T-Day: Fragments from a healer (Tanaan invasion, june 23)

Private Courre couldn’t stop staring at the sign that was painted on the inside of the iron doors. He was in the first row of mariners and soldiers, less than three feet from that sign. As the Hungry Riverbeast rose and dived in the surf just off the coast of Tanaan, that sign was burning a hole in his mind.


He took a step back – and a hand clamped down on his shoulder. It wasn’t a hard grip, just a soft hand, fingers gently pressing through the cloth of his uniform. He felt the chill from that touch, a chill seeping through his cloth armor, penetrating his skin, turning his bones brittle. Or so he thought.

“Stay behind me … priesss …t.”

The voice was rough, as if unusued for many years. Courre turned his head slightly, as he did he caught a glimpse of other soldiers. All of them stared straight in front of them. Some chewed Fireweed, some grit their teeth, some was pale as ghosts. Most of them prayed. None of them looked at the line of death knights behind them. All those men and women, all of them so young. Courre was eighteen, he was the oldest of his platoon.

The first wave broke across the bow of “the Beast” with a crash of water. Then everything happened very fast. Shrieks in the air, shells landing in water. Detonations of fel grenades sending pillars of water skywards, crashing down in a salty rain. The “pew pew pew” or fel missiles close above their armored heads. A tremendous blast of energy rocked the ship sideways as a fel grenade exploded right in the middle of another transport – a horde one, it was a combined assault.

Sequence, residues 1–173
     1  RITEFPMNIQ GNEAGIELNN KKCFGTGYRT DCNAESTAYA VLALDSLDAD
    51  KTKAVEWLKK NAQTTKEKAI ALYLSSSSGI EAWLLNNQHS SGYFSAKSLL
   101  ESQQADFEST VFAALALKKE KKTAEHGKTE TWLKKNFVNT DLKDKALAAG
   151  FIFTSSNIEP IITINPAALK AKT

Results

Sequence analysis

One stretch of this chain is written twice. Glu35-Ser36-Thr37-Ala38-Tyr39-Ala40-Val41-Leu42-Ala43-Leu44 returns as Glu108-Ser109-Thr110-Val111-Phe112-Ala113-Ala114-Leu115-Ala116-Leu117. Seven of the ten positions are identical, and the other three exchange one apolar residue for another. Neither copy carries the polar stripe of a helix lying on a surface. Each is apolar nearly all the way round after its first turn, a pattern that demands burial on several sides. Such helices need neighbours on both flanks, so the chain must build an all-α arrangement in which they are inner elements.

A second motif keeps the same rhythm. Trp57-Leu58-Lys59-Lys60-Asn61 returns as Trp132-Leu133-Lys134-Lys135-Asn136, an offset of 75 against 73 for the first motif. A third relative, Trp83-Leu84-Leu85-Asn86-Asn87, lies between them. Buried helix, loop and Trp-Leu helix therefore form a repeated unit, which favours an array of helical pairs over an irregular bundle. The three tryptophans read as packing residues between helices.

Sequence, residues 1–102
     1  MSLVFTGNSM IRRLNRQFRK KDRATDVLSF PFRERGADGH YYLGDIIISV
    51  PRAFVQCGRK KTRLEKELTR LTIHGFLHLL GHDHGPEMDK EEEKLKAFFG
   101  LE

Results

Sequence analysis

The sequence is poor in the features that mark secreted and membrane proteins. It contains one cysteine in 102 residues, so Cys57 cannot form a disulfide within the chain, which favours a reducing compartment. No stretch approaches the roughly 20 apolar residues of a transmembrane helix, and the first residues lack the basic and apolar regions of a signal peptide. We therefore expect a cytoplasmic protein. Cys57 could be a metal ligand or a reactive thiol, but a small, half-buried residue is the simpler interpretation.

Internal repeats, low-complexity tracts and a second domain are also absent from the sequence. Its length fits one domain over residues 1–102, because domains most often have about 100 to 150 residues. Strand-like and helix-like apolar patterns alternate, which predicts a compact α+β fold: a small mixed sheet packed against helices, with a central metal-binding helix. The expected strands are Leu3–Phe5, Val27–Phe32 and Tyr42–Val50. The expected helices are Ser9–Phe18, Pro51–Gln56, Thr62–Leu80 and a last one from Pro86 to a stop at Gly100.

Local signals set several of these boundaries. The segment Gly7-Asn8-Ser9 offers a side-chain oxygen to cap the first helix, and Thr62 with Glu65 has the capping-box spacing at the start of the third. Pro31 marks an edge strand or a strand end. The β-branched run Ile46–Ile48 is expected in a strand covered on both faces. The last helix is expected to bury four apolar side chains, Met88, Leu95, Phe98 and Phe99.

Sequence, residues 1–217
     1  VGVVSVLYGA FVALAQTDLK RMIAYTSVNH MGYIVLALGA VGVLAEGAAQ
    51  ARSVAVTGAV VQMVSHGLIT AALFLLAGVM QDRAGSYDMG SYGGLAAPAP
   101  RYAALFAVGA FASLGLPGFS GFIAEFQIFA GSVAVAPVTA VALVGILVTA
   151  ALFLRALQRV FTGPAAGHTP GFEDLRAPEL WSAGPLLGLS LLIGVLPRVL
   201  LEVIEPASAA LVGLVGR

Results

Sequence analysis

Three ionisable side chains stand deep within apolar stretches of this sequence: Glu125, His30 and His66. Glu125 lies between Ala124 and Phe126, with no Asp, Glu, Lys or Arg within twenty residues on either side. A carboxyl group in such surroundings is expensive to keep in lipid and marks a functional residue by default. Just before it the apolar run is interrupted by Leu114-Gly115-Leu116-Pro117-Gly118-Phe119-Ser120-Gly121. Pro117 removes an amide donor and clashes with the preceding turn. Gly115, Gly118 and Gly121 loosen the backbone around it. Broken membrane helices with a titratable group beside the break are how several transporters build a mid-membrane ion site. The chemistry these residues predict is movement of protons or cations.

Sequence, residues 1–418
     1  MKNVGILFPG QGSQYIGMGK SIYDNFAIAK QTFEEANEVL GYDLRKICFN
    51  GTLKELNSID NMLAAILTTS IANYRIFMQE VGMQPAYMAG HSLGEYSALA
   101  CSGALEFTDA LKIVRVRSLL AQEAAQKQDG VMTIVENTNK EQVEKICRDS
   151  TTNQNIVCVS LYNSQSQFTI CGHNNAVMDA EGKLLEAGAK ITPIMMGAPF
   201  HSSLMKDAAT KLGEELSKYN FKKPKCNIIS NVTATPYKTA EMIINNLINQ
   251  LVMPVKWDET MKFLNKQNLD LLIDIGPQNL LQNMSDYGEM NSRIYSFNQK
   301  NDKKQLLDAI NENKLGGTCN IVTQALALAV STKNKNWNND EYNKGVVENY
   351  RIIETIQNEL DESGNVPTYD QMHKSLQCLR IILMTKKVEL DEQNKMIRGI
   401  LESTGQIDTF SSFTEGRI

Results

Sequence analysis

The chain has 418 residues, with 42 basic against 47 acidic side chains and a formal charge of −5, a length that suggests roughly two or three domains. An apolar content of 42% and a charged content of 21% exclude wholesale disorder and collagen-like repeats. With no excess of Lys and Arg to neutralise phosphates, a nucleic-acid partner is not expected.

The rain of sea water turned red.

Thunder rolled in from behind. Dozens of battleships opened up in a single line of fire and smoke. Dumpsters – the guys called the howitzer grenades dumpsters because of their size – rocketed across the burning sky, turning the beach into a thick cloud of smoke and dust. The sound was deafening. It made his teeth clatter.

The cold grip tightened around his shoulder.

“Stay low. Move quickly. Don’t shoot. Find cover.”

“I’m scared … ” he whispered.


Then the metal hull of the Hungry Riverbeast ate the sands of Tanaan and the doors opened. Courre would be hard pressed to remember just what happened then. There was a rain of green things, ripping everyone apart around him. He scampered across soft, bleeding meat as someone screamed “OVER THE SIDE!!!”. For some reason he couldn’t stop staring at the severed hand, caught in the doors now open. Someone hadn’t stood clear. Someone screamed in his own voice.

Then the cold hand clamped down on his forearm. The pain was so intense it closed him down almost completely – cauterized, by frigid Northrend cold.


The hand pushed him. He stumbled down, fell into the waisthigh water and almost toppled over. He raised his hands, one arm from the elbow down missing, and was about to scream when that cold hand on his shoulder pushed him forward.

“You wanna live forever!?”

He turned his already fading eyesight at her, shaking his head. Then he slumped to his knees, holding the stump of his one arm in his living hand.

“I’m sorry.” he said.

“Waste of fucking space, you are!”

As he slumped forward, that cold hand shot out and grabbed him by his neck. He was barely alive when he finally came to rest against a pile of dead gnomes and tauren. Then the death knight grabbed his head in both her hands and kissed him.


Courre rose. Twitching, groaning, slobbering – he stumbled forth, sending cascades of holy power in front of him.

He would not speak of his resurrection, not to no one.


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